I am currently testing a 50MHz 3.3V CMOS oscillator in my circuit, which is connected to two pins/loads - MCU pin and Ethernet PHY pin. The oscillator is rated for 15pF output load, which I could be exceeding by a few pF perhaps. Things are working fine in my circuit and so is the Ethernet Communication.

Now, the oscillator Vcc is supplied by 3.3V. When I am observing the waveform at the output pin of the oscillator, I am getting a 4V high, 0.8V low 50MHz sine waveform. I am wondering what is causing the voltage to go to 4V when my supply vltage is 3.3V? I have a 10R resistor at the oscillator output which is provided for termination adjustment.

Note: I am testing the waveform using an oscilloscope of 100MHz bandwidth, because I don't have any other oscilloscope at hand. But I think that should actually result in lesser amplitude.



simulate this circuit – Schematic created using CircuitLab

Could anyone please help me in identifying the reasons for this higher output voltage?

Let me know if I missed providing any important information required for the analysis.

Thank you.

EDIT: The higher voltage is irrespective of Ethernet cable connection.

  • There's a circuit diagram editor that you can use to insert a schematic. Edit your question and press CTRL M to open the schematic editor. – JRE Apr 13 '16 at 11:25
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    Check your scope probe calibration! Use the calibration output and adjust probe for maximum flatness, then re-measure... – Brian Drummond Apr 13 '16 at 11:27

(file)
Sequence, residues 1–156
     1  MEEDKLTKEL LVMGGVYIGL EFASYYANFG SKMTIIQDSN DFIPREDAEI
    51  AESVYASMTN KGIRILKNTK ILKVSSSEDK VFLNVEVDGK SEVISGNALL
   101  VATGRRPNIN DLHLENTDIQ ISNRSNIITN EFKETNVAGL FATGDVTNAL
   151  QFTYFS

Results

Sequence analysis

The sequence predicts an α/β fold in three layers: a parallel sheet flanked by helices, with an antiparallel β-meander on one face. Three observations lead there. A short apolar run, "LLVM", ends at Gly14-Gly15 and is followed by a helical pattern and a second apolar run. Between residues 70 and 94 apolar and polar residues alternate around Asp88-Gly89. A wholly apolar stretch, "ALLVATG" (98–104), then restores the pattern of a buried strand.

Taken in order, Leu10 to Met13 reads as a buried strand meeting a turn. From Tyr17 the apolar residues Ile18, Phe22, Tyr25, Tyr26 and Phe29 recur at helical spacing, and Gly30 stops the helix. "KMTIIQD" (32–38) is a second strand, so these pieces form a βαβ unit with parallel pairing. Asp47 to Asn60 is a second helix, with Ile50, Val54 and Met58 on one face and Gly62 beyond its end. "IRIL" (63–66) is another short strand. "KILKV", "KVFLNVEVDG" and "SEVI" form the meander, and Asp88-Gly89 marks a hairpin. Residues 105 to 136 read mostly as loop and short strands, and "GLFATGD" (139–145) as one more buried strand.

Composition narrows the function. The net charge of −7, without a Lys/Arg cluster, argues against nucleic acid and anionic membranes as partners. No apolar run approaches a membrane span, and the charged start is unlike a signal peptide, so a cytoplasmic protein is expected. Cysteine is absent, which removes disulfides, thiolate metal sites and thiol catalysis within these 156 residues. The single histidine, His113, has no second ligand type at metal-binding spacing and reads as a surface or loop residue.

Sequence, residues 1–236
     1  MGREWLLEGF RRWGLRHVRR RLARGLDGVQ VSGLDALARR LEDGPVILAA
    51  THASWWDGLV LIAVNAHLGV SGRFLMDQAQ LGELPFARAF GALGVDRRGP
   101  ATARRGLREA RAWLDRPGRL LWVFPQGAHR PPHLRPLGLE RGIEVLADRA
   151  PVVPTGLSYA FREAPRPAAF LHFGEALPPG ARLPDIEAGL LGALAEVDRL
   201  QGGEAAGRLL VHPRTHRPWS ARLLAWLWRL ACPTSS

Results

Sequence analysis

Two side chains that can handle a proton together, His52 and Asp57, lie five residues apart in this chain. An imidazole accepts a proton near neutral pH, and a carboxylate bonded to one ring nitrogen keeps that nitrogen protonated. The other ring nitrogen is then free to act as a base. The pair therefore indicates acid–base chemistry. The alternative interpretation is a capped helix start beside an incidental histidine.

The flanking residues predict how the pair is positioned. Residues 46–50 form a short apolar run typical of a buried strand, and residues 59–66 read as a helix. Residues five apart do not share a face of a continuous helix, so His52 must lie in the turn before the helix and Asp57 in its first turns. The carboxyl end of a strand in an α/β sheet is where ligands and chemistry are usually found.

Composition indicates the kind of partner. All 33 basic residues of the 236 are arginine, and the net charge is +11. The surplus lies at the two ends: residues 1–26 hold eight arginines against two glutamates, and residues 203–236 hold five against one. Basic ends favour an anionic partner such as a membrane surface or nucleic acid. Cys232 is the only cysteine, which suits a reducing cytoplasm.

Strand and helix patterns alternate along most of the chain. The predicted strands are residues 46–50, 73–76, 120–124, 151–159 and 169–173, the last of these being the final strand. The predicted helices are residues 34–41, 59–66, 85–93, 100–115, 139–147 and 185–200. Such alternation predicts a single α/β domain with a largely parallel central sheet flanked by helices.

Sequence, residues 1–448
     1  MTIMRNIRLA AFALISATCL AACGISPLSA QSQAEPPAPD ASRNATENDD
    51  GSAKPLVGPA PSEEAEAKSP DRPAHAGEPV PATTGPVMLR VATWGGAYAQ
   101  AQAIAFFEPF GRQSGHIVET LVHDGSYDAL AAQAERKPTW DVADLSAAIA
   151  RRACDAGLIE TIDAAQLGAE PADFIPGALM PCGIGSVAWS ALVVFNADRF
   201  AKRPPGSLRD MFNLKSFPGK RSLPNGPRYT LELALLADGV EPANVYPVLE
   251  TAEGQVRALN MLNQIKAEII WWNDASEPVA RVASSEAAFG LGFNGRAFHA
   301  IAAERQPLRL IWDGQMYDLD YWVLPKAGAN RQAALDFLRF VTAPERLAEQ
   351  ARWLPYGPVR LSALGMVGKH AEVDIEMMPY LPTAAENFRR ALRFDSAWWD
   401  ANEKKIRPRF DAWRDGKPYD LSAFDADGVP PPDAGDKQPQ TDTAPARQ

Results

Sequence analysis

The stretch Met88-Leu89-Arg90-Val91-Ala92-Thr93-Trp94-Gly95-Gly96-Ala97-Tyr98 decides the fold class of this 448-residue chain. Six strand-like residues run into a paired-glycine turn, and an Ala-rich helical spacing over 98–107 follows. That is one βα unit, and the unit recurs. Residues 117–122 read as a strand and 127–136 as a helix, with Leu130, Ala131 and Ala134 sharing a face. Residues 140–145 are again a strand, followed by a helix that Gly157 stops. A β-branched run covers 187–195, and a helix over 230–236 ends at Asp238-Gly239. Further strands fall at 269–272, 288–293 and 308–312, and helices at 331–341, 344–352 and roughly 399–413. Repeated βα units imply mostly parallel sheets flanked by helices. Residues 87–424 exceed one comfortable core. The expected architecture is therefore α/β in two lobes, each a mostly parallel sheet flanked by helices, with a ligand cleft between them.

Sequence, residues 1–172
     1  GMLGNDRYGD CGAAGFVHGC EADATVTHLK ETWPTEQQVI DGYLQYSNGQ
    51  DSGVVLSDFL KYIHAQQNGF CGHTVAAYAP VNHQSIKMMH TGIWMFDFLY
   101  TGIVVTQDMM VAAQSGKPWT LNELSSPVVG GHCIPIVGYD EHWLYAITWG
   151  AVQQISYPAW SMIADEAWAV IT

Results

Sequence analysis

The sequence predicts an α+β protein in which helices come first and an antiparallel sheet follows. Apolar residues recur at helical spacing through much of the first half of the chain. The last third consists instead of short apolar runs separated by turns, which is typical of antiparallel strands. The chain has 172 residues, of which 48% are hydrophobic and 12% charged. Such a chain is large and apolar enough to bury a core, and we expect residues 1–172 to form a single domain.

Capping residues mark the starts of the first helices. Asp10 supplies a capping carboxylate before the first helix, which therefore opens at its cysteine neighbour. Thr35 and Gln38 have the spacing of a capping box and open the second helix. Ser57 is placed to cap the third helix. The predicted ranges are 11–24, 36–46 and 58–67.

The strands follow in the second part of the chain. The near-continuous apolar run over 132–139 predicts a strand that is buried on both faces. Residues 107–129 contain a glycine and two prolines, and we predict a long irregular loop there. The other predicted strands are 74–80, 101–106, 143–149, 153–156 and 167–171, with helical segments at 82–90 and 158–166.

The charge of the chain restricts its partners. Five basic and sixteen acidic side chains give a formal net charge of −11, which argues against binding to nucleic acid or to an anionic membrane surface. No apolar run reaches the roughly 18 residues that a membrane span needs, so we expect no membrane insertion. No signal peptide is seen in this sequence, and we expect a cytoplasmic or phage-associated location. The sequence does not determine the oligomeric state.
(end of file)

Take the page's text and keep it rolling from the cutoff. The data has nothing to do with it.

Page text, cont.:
• When something doesn't go up to expectations, often the expectations just have to be adjusted. If the real question is "Why do I expect the wrong thing" then a schematic alongside with your calculations and explanation about why you expect it are the only way to point out errors in your reasoning – PlasmaHH Apr 13 '16 at 11:33
  • Is your 'scope's ground reference connected near the oscillator or far away? – brhans Apr 13 '16 at 11:37
  • I have included the schematic; sorry for the not so good one. – LoveEnigma Apr 13 '16 at 11:46
up vote 1 down vote accepted

A pure square wave of amplitude 3.3 volts p-p when perfectly filtered to remove its harmonics will result in a sinewave whose amplitude is 27% higher at 4.2 volts p-p: -

enter image description here

Notice that the fundamental is higher amplitude than the perfect square wave. If you do the math you'll find that the fundamental is \$\dfrac{4}{\pi}\$ times higher that the square wave.

Somewhere between perfect filtering and the filtering provided by your o-scope you get what you get.

  • Thank you for the answer, really helpful. So, does it mean that the only reason for this higher voltage is the limited bandwidth of my oscilloscope (100MHz)? If so, the waveform should look closer to a square wave if I measure with a high bandwidth oscilloscope, right? One more question: When I am reducing the ground lead length, the amplitude of the sine waveform is reducing to ~3.6V, which is understandable, but I am wondering whether the ground lead length and signal reflection are also contributing in the ~4V measurement? Any comments on this? Thanks. – LoveEnigma Apr 14 '16 at 4:27